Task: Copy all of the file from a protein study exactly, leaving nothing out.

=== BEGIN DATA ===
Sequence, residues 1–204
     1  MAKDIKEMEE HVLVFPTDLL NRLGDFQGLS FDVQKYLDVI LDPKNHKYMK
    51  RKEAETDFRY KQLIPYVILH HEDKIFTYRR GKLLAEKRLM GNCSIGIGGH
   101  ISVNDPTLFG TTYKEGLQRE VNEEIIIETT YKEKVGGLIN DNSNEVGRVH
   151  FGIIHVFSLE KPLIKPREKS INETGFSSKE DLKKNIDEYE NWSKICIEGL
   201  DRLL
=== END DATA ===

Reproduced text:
Sequence, residues 1–204
     1  MAKDIKEMEE HVLVFPTDLL NRLGDFQGLS FDVQKYLDVI LDPKNHKYMK
    51  RKEAETDFRY KQLIPYVILH HEDKIFTYRR GKLLAEKRLM GNCSIGIGGH
   101  ISVNDPTLFG TTYKEGLQRE VNEEIIIETT YKEKVGGLIN DNSNEVGRVH
   151  FGIIHVFSLE KPLIKPREKS INETGFSSKE DLKKNIDEYE NWSKICIEGL
   201  DRLL